Kim and I have rolled into the Denver area, where we’ll spend the next week hanging out with family and friends. While here, I’m also working with Mr. Money Mustache to prepare for our upcoming workshop for World Domination Summit. Yesterday afternoon, as we sat in the RV outlining our presentation, Pete and I discussed the idea of “practicing” big financial moves before those moves are actually necessary.
The average person doesn’t look for a new place to live until she needs a new place to live. She doesn’t practice buying a car until she needs a new car. She doesn’t put in job applications until she needs a new job.
In other words, the average person is reactive. He makes big moves when life dictates that he make big moves. As a result, he loses a lot of leverage during negotiation. If you have to find a new job because your former employer just went out of business, you lose the luxury of taking your time, of being choosey.
But what if people took a proactive approach instead?
Test-Drive Different Jobs
“I like the idea of practicing the job search process,” Pete said. “Even if you have a great position, you can get a lot out of applying for other jobs.”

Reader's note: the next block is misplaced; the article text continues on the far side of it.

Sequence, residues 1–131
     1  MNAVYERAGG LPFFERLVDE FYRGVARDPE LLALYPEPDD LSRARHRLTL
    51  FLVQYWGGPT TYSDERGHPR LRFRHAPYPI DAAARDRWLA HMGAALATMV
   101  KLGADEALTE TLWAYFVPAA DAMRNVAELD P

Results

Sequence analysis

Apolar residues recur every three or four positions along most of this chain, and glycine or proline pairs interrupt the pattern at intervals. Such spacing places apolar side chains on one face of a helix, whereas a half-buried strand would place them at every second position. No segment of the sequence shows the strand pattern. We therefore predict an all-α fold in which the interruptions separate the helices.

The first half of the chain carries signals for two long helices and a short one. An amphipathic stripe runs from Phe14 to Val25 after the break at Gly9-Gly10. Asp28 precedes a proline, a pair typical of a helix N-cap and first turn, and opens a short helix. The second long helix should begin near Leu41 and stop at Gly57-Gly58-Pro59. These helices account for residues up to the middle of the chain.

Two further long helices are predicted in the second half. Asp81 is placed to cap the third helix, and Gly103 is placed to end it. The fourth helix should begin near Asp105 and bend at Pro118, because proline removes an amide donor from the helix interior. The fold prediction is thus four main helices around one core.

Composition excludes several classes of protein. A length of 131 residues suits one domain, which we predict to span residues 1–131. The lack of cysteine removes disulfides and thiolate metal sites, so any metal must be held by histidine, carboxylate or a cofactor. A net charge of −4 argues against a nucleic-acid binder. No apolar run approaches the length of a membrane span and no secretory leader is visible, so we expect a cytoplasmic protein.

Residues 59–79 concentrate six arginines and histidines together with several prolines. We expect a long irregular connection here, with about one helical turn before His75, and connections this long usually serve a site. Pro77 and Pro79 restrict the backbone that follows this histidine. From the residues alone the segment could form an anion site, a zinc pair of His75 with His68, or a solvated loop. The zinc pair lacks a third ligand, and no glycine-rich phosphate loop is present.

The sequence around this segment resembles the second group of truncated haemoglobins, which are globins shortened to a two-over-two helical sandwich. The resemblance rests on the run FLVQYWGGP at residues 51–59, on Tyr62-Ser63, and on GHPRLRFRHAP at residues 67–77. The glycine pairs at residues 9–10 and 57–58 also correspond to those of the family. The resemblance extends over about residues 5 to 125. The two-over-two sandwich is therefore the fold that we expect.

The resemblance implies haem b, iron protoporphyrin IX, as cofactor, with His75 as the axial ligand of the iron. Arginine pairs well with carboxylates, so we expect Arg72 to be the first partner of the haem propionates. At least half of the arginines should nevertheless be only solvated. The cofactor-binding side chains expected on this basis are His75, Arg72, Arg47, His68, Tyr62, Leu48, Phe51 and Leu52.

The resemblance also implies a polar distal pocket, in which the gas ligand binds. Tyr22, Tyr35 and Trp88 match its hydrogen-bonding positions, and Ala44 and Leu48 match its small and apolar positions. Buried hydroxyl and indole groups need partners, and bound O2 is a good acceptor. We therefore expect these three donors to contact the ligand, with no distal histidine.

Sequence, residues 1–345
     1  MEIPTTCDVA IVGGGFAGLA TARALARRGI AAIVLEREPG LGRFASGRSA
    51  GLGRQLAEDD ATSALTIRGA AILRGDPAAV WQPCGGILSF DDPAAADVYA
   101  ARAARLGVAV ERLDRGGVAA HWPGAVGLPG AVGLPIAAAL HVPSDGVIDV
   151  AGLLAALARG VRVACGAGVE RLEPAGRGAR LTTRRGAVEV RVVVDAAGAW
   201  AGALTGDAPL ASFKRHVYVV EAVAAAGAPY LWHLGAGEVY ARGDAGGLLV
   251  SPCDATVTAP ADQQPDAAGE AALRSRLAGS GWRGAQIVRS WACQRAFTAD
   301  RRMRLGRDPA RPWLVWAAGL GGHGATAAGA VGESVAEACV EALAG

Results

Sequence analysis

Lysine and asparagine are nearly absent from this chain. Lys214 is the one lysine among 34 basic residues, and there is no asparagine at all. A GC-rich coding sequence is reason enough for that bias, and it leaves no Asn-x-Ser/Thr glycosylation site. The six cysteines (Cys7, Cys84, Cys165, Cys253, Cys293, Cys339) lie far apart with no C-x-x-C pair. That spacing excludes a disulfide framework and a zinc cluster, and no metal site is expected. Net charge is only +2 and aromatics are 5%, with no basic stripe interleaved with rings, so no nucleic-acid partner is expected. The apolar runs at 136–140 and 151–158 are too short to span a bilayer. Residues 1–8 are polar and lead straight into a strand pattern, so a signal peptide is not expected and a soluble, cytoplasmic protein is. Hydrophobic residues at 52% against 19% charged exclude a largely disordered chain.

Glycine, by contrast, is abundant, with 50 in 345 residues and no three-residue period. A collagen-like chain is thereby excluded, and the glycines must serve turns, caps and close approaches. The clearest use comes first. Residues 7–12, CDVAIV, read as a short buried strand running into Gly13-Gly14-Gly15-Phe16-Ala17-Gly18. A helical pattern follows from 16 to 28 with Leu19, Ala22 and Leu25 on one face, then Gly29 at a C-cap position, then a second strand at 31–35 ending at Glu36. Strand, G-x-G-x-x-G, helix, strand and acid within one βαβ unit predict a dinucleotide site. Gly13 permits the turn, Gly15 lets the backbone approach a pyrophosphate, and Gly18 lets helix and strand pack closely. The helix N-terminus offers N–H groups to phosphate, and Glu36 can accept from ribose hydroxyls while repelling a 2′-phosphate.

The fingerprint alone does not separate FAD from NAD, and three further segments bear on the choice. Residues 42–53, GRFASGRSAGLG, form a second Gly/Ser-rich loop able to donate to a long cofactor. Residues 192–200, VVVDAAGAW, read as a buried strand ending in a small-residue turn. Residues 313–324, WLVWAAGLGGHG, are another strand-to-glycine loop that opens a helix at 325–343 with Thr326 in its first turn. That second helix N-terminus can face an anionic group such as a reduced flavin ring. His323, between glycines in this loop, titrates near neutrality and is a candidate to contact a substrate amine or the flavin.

“I have a friend back in Portland who does just that,” I said. “He has a high-paying job that he loves, but that doesn’t stop him from applying for other opportunities. He watches the want ads for promising positions. When he sees one, he submits an application. If he gets an interview, he takes time off work. He’s not seriously looking to change companies. He’s simply trying to stay sharp.”
At the same time, this habit allows my friend to keep up with what’s happening in his field, build a network of contacts, and gain leverage for salary negotiations. When his “practice” applications yield job offers, he can choose to take the new position or use the info to ask for a raise from his current employer.
There are other ways to use the concept of “practice” to take control of your career.
For instance, you might conduct informational interviews to explore other opportunities. My friend Michael is a career counselor, and he calls the informational interview “the job-hunter’s secret weapon”. Few workers ask for them. Those that do tend to jump-start there careers. (Never use an informational interview to ask for a job; use it instead to learn about other companies and careers, or to pick the brains of experts in related fields.)
Aside: I’ve never conducted a formal informational interview myself, but I’ve done something similar in a casual way. Back when I ran Get Rich Slowly, I’d sometimes get interviewed by reporters from major outlets, such as The New York Times. All my life, I’d wanted to be a reporter, so after the interviews were over, I’d make sure to ask the reporters about their jobs. I’m glad I did. Without fail, they’d tell me that I did not want to be doing what they were doing. In fact, they said, most reporters wished that they were in my shoes…
Here’s another example of how certain people might test-drive different jobs: [Read more…]